India farmers put aside the plow, save straw and fight pollution

Researchers and policymakers are promoting zero tillage for wheat to stop rice residue burning in northern India and help prevent smog in New Delhi, as well as to cut farmers’ costs and conserve soil and water resources.

Farmers who deploy a sustainable agricultural technique known as “zero tillage” in the rice-wheat cropping rotations grown throughout northern India can significantly contribute to reduced air pollution in India’s capital, helping urban dwellers breathe more easily.

Traditional tillage to sow wheat in northern India involves removing or burning rice straw and driving tractor-drawn implements back and forth over fields to rebuild a soil bed from the rice paddy, a costly and protracted process.

Media reports in 2016 depicted the 19 million inhabitants of New Delhi under siege from a noxious haze generated by traffic, industries, cooking fires and the burning of over 30 million tons of rice straw on farms in the neighboring states of Haryana and Punjab.

Since the 1990s, scientists at the International Maize and Wheat Improvement Center (CIMMYT) have worked with national agricultural partners and advanced research institutes in India, Nepal, and Pakistan to test and promote the resource-conserving approach of sowing wheat seed directly into untilled soil and rice residues in a single tractor pass, a method known as zero tillage.

Originally deemed foolish by many farmers and researchers, the practice or its adaptations are being used on as much as 1.8 million hectares in India. It has gained popularity because it allows farmers to save money and fuel through less work and tractor use, to reduce weather risks as well as to sow their wheat up to two weeks earlier; this means the grain fills before the withering heat of pre-Monsoon season.

Environmental benefits of zero tillage include healthier soils, significant water savings and a 90 kilogram-per-hectare reduction in greenhouse gas emissions, according to M.L. Jat, senior agronomist at CIMMYT.

“This emission savings figure considers only soil respiration,” said Jat, “but if we talk about carbon sequestration based on life cycle analysis, the greenhouse gas savings range from 500 to 1,000 kilograms of carbon dioxide equivalent per hectare, each crop cycle.”

The seeder drives adoption

Zero tillage requires the use of a special, tractor-mounted implement, which, in a single pass, chops rice residues, opens a rut in the soil, and precisely deposits and covers the seed.

Development of this special seeder was first funded by the Australian Centre for International Agricultural Research (ACIAR) and led by Punjab Agricultural University, with contributions from CIMMYT and other organizations. The latest version, the Turbo Happy Seeder, costs $1,900 – an investment that many farmers still struggle to make.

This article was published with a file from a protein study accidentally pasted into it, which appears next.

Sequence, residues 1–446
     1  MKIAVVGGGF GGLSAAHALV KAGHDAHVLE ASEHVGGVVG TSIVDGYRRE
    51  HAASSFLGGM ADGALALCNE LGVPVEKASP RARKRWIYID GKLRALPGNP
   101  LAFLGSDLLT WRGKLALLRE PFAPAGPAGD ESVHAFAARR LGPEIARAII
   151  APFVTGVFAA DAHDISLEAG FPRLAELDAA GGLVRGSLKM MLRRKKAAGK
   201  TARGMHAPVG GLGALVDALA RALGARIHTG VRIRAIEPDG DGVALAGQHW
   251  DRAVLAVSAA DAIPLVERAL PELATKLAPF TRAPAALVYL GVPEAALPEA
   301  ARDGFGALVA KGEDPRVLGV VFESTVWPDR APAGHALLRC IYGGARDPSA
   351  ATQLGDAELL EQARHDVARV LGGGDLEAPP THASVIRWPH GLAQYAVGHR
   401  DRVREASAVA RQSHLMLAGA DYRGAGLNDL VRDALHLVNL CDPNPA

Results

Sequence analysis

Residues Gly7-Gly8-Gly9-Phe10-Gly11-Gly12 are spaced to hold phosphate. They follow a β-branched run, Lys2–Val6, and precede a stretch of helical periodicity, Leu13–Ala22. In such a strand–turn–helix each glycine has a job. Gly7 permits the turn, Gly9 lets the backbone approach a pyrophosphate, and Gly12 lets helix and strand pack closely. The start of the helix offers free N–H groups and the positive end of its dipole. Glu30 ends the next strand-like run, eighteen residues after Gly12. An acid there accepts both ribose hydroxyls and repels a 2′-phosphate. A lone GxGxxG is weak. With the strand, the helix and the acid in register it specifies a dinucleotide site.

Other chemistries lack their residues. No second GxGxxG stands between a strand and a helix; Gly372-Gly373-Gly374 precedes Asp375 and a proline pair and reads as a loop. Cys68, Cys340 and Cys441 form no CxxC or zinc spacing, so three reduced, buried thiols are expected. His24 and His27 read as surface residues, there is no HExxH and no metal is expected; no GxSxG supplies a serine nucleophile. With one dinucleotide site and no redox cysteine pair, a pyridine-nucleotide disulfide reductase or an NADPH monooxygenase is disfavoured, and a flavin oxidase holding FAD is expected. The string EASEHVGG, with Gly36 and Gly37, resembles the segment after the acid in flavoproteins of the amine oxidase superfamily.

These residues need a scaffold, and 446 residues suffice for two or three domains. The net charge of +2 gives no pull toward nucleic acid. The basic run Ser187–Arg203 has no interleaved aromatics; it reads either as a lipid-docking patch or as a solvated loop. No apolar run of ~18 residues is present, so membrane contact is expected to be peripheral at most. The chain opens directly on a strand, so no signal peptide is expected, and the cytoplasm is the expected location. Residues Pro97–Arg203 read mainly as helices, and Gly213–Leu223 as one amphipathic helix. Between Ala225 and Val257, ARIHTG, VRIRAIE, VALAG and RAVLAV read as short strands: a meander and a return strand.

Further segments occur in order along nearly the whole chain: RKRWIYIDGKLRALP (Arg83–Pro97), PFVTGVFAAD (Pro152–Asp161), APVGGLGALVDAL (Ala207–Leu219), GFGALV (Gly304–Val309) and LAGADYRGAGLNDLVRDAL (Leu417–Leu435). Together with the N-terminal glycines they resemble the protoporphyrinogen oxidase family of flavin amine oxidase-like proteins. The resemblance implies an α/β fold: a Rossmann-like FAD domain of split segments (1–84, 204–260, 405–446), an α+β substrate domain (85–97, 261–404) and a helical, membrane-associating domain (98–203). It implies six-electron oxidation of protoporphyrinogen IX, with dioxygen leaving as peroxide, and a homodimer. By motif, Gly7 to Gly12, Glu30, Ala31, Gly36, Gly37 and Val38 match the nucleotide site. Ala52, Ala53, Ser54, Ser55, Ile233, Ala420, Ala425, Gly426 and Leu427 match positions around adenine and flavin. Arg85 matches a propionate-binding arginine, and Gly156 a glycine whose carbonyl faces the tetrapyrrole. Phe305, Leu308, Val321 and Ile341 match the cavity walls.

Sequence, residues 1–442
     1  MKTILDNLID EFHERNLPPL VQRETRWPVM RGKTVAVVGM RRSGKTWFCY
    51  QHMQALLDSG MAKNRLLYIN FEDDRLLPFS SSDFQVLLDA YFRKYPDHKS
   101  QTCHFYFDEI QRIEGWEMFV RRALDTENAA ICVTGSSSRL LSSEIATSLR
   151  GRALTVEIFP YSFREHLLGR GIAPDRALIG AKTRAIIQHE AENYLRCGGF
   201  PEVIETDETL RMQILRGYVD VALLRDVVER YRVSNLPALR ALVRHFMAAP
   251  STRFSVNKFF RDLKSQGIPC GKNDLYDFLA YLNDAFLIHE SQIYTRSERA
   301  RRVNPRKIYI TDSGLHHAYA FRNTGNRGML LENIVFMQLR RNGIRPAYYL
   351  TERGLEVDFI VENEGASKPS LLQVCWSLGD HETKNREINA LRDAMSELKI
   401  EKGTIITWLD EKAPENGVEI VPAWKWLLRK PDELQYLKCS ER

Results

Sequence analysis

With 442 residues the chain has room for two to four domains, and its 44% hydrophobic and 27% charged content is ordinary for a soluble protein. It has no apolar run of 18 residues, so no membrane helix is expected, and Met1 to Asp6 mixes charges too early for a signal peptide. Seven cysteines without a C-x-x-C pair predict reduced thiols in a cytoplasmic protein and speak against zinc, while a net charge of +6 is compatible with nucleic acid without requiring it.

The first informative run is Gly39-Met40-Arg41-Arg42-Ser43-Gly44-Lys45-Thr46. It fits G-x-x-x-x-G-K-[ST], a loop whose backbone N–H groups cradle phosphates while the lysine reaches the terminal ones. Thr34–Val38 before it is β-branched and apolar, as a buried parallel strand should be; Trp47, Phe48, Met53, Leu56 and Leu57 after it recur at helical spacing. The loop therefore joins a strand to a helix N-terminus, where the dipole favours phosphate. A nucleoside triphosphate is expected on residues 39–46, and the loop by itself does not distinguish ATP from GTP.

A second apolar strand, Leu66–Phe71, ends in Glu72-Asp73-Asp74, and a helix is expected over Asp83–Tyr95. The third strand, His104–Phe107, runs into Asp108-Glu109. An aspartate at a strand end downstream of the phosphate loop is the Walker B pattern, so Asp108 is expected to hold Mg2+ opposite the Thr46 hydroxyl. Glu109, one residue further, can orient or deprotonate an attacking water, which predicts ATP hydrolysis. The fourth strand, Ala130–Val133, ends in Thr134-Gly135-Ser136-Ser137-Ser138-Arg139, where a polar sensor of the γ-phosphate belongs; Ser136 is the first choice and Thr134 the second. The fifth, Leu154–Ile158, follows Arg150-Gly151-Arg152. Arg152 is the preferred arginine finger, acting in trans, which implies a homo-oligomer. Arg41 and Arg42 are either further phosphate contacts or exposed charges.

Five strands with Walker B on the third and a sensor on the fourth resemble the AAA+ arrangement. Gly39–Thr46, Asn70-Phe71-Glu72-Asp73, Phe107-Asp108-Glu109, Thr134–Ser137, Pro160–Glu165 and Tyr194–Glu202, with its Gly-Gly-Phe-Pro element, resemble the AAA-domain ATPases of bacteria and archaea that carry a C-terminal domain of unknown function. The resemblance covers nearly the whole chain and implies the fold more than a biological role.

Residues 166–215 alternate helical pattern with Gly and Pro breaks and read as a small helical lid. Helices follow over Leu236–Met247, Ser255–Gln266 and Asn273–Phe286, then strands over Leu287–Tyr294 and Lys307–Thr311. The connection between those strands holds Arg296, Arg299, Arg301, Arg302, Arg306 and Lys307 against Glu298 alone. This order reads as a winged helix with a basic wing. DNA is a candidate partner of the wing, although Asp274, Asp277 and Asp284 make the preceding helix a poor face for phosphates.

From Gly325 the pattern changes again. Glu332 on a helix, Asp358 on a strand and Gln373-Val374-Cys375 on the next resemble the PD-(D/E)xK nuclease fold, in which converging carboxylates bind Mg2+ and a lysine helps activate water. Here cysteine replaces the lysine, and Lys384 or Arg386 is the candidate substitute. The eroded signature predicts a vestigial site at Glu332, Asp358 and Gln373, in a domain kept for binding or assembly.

The Turbo Happy Seeder sows a rotation crop directly into the residues of a previous crop.

“As an alternative, we’ve been saying that not all farmers need to own a seeder,” according to Jat. “Many farmers can simply hire local service providers who have purchased the seeder and will sow on contract.”

In Bihar and the neighboring state of Uttar Pradesh, the number of zero-tillage service providers rose from only 17 in 2012 to more than 1,900 in 2015, according to Jat, who leads CIMMYT’s contributions to “climate-smart” villages in South Asia, as part of the CGIAR Research Program on Climate Change, Agriculture and Food Security (CCAFS).

Given New Delhi’s smog troubles, Haryana and Punjab policymakers are providing limited subsidies for purchases of the seeder and other policy support for burn-free, climate-smart agricultural practices.

Work on the Turbo Happy Seeder has been funded by the Australian Centre for International Agricultural Research and the CGIAR Consortium and Fund Council. Zero tillage for rice-wheat rotations is one of the technologies studied and promoted by the CIMMYT-led Cereal Systems Initiative for South Asia, a project implemented jointly with the International Food Policy Research Institute and the International Rice Research Institute and funded by the Bill & Melinda Gates Foundation and the United States Agency for International Development. The Borlaug Institute for South Asia (BISA) is funded by the Indian Council of Agricultural Research and, for the work described, by the government of Punjab state, India.

Text: G. Michael Listman

Contributors: M.L. Jat, H.S. Sidhu

Photos: S. Mojumder Drik, Neil Palmer/CIAT, Mandeep Singh/CIMMYT

Graphics: Gerardo Mejía

Editors: Bianca Beks, G. Michael Listman, Julie Mollins, Geneviève Renard

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